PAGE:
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In his late 20s, Christopher Milford of East Boston, Mass., got high on some OxyContin his friend gave him.

By the time he was in his early 30s, he was shooting heroin and Suboxone.

Milford would reuse the same needle for a week or more. Then, one day, he was so sick he couldn't get out of bed.

"It felt like the worst flu I ever got in my life," he says. "It almost felt like a dream. I started doing weird things like putting PlayStation controllers in the sink in the bathroom. It was just weird, off the wall."

Fake news has been, well, in the news a lot lately. It seems no claim is too absurd to be aired.

For example, NBA legend Shaquille O'Neal has just become the fourth NBA star to make public remarks that he believes the Earth is flat, not round.

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Before Siri spoke up as the iPhone's digital assistant or the Amazon Echo was taking requests in people's homes, there was the granddaddy of all talking devices.

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I recently visited China on a business trip. While there, I decided I wanted to get a pedicure. My search turned into quite the adventure — one that involved cutting edge translation technology, and a key word lost in translation.

After less than a year as president of Uber, Jeff Jones is leaving the embattled ride-hailing company, Uber confirms.

"We want to thank Jeff for his six months at the company and wish him all the best," an Uber spokesperson says in a statement.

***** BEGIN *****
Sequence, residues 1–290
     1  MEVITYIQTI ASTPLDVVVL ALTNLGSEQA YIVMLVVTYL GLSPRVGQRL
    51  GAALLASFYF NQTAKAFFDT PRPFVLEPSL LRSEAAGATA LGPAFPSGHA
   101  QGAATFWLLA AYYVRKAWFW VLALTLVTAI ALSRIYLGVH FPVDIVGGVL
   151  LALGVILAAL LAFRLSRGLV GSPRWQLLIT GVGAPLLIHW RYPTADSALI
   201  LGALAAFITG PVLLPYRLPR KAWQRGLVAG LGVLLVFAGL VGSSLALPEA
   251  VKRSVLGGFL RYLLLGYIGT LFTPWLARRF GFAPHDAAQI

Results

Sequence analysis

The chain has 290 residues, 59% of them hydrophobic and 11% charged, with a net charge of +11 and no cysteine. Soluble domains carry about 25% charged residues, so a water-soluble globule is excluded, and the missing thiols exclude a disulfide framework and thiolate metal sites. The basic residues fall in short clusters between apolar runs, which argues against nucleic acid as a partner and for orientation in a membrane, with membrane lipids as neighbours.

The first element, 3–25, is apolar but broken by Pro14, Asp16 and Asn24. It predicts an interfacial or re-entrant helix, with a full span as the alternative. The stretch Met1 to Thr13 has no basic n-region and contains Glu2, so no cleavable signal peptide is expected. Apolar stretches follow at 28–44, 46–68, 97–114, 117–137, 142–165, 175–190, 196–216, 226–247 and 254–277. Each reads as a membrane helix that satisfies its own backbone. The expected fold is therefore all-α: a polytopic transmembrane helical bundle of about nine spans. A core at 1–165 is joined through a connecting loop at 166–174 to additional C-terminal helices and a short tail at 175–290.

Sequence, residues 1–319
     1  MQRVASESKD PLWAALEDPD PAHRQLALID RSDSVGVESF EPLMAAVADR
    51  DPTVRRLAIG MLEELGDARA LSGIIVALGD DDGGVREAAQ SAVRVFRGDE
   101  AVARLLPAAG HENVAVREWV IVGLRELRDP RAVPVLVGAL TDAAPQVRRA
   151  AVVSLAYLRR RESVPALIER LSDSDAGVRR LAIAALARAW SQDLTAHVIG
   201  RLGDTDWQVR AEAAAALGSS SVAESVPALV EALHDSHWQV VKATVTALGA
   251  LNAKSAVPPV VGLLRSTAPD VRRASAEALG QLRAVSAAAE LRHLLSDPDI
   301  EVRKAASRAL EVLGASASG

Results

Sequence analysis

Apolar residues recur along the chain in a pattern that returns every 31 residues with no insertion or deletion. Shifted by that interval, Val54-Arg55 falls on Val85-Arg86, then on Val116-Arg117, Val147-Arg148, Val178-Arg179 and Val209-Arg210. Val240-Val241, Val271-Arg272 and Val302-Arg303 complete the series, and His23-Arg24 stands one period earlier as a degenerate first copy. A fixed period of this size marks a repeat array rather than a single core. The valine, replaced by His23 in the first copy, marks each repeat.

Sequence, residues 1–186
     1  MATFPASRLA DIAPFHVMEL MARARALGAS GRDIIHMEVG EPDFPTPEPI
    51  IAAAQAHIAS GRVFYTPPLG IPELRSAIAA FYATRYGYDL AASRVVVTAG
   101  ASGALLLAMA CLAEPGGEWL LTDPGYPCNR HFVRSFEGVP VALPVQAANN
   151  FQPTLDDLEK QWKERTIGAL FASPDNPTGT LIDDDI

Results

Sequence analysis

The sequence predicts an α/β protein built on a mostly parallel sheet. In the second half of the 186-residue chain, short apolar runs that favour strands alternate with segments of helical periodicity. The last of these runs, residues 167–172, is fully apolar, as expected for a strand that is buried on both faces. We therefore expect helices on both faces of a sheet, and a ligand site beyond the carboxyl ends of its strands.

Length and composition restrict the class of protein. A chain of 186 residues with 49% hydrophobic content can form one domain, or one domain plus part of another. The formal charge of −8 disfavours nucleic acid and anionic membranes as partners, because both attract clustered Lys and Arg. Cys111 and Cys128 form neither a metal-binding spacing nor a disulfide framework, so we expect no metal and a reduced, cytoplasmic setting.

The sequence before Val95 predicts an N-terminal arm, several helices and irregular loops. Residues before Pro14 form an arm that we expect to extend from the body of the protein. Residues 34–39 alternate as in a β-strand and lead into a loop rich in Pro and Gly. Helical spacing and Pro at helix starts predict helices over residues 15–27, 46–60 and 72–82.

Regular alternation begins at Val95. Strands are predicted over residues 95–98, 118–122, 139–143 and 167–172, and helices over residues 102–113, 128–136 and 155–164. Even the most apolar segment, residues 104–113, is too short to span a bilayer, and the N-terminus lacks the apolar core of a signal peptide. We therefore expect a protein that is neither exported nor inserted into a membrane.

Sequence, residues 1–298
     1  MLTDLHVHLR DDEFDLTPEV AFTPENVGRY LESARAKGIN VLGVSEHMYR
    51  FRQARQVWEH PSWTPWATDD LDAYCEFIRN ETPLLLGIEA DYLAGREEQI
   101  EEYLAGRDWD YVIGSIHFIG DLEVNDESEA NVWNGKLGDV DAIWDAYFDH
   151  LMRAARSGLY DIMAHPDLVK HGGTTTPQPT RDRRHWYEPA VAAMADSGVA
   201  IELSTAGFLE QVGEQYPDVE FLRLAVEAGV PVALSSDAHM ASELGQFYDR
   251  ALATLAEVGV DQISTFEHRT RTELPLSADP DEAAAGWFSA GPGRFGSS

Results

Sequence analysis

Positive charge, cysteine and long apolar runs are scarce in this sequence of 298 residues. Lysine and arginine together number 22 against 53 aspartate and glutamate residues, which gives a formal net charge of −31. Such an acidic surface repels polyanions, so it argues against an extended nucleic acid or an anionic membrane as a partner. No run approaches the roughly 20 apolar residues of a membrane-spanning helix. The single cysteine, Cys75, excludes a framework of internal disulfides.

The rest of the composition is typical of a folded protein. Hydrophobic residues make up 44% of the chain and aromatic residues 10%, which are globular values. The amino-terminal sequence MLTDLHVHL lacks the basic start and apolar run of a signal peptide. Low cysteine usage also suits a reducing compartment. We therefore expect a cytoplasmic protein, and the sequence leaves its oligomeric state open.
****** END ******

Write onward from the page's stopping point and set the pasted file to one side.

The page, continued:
Jones, previously Target's chief marketing officer, was brought on by CEO Travis Kalanick last fall to boost Uber's reputation.

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One thing we didn't expect to see here at South by Southwest were the virtual reality helmets. They were everywhere.

Hundreds of teenagers and their hand-made robots from across California, the western U.S., Hawaii and as far as Chile converged on the South Coast, and some local teams were among the winners.  

It’s the FIRST Robotics Regional Competition, which was a three-day event that ended Saturday at Ventura College. Forty-two high schools with about 2,000 students took part.

Nicholas Lund stood in a small side yard one early morning, surrounded by a crowd of people. Some were in business suits, just stopping by before work.

He watched as others commuted by, probably unsure of what they were seeing: a silent mob of people holding large cameras, just waiting.

Standing in a small space next to someone's home, those people were putting off life for a morning. But it was a bird's own displacement that had called them all together.

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